Inadequate access to health facilities is one of the reasons for high child mortality rates in developing countries. This study examined the distal factors influencing child mortality among mothers attending antenatal care in Nigeria. The secondary data from the 2017 Covenant University Public health and Wellbeing Research Cluster on determinants of child morbidity in Nigeria was used. Focus Group Discussions, descriptive statistics and regression analysis were also used. The findings showed a significant relationship between the place of delivery and experience of child mortality. Also, the immunization status of a child was significantly related to the chances of living. There was also a strong relationship between the education of the mother and the chances of her child surviving till age five. This study recommends that health education and socio-economic empowerment are necessary for both mothers and their spouses, if a reduction in child mortality is expected.

Keywords: Child mortality, Healthcare.

Nigeria vs Africa: Any Scope for Agricultural Trade Expansion in a Continental Free Trade Area? By Okodua H.

Department of Economics & Development Studies, Covenant University, Ota, Nigeria

Nigeria’s delay to signing the Continental Free Trade Arrangement (CFTA) has gained lots of attention. Despite the economic and social benefits accruing to members of this arrangement, Nigeria has since refused to consent. This study argues that failure to conduct an evidence-based agricultural-specific sector study which is essentially to guide policy makers in suggesting reviews to the CFTA framework agreement will likely lead to making sub-optimal choices. Further arguments include the economic advantages that Nigeria will lose for not joining the take-off of this movement. The study employs the IFPRI framework using simple indicators across ECOWAS states to guide evidence-based strategic planning and policy making to support policy makers in Nigeria towards her African regional trade targets.

Key Words: CFTA, Agricultural Production, Export and Nigerian Economy

The Science & Art of Grant Winning/ Execution in Social Sciences By Osabuohien E.

Department of Economics & Development Studies, Covenant University, Ota, Nigeria

Overtime, there have been certain misconceptions of what grants are and the reasons for people not winning grants. Grants are not a sprint; neither are they an appeal for fund nor a one-off game. Grants can be likened to a marathon race; repeated game and the helping of funding bodies achieve their goals. This study explains exhaustively the areas of grant and grant proposals cutting across disciplines. It also expounds on its cycle beginning with an idea and ending in dissemination. Recommendations of this study include convincing grant agencies as to why the idea is worth their funds, starting on time and never relenting amongst others. Prospective funding agencies are also listed.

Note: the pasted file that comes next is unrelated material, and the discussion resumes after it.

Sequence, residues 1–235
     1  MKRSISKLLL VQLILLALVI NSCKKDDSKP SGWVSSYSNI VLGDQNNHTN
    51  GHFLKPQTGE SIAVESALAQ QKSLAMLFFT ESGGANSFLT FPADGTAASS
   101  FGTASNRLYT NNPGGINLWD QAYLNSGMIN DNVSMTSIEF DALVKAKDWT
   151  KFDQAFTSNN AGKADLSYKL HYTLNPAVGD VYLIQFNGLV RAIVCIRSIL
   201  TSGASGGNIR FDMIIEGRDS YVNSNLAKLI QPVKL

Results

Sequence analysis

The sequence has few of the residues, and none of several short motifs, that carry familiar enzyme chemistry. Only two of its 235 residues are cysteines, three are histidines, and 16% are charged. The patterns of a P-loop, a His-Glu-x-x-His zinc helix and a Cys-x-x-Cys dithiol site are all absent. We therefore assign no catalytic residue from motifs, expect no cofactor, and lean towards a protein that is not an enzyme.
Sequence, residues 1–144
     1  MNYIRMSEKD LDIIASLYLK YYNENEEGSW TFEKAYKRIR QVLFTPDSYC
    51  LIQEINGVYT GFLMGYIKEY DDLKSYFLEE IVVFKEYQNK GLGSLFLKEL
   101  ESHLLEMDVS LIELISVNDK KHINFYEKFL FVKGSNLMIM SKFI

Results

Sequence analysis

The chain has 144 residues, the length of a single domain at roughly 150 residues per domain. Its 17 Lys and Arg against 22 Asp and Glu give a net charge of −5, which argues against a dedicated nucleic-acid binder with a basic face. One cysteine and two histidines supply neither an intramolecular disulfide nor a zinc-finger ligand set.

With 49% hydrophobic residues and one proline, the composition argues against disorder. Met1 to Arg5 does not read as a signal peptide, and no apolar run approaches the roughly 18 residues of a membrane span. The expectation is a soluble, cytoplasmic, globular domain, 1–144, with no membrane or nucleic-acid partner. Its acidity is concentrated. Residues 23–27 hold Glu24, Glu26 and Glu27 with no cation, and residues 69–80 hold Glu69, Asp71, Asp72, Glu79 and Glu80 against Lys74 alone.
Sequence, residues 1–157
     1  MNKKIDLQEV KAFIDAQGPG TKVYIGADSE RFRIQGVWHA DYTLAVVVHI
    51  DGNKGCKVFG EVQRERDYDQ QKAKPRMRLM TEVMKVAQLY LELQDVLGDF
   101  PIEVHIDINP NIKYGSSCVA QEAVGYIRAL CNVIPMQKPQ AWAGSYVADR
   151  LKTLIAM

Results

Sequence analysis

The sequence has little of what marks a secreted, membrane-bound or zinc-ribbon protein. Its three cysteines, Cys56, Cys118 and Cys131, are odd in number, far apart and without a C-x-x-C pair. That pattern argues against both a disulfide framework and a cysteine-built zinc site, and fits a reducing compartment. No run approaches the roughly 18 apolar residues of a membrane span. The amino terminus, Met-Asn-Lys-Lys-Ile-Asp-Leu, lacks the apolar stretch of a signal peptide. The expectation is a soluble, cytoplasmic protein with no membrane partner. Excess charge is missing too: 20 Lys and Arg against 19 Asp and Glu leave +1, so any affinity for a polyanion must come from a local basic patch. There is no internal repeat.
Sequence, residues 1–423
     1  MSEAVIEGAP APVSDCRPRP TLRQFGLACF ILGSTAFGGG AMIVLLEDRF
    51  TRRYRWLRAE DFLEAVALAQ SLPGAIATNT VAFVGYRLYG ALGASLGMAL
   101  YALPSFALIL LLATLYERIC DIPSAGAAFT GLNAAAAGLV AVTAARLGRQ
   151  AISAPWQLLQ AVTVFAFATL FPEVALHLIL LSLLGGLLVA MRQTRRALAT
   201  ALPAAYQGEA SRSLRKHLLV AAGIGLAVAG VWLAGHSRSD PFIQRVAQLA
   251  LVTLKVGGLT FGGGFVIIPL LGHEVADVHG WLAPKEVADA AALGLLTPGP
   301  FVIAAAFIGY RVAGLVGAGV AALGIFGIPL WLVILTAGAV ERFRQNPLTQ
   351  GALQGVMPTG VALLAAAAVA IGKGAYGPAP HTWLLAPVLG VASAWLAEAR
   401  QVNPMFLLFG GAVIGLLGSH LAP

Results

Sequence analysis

Key words: Grants, Funding, Agencies, Grant Proposal and Grant Winning

Dependency on use of solid fuel in the household and under-five mortality rate in Nigeria By Samuel G.

Department of Economics & Development Studies, Covenant University, Ota, Nigeria

Huge dependency exists on the use of Solid Fuel in Households and Under-five Mortality Rate in Nigeria. The study links clean energy and health status to SDGs, particularly the under-five children with greater vulnerability. It aims to identify factors influencing the use of solid fuel, various cooking fuels used as well as to determine the association and extent of solid fuel’s impact on under-five mortality in Nigerian households. Binary Logistic Regression technique was adopted via STATA software to analyse 2013 NDHS dataset. Assuming the poor will likely use solid fuel while the rich most likely uses non-solid fuel, significant determinants of under-five mortality in Nigeria included levels of education, wealth status and cooking fuel. The study recommends sensitizing women on the importance of education, promoting campaigns in local languages, and providing cleaner fuel at less cost with greater proximity to residential areas.

Keywords: Solid Fuel, Under-five mortality rate, Nigeria.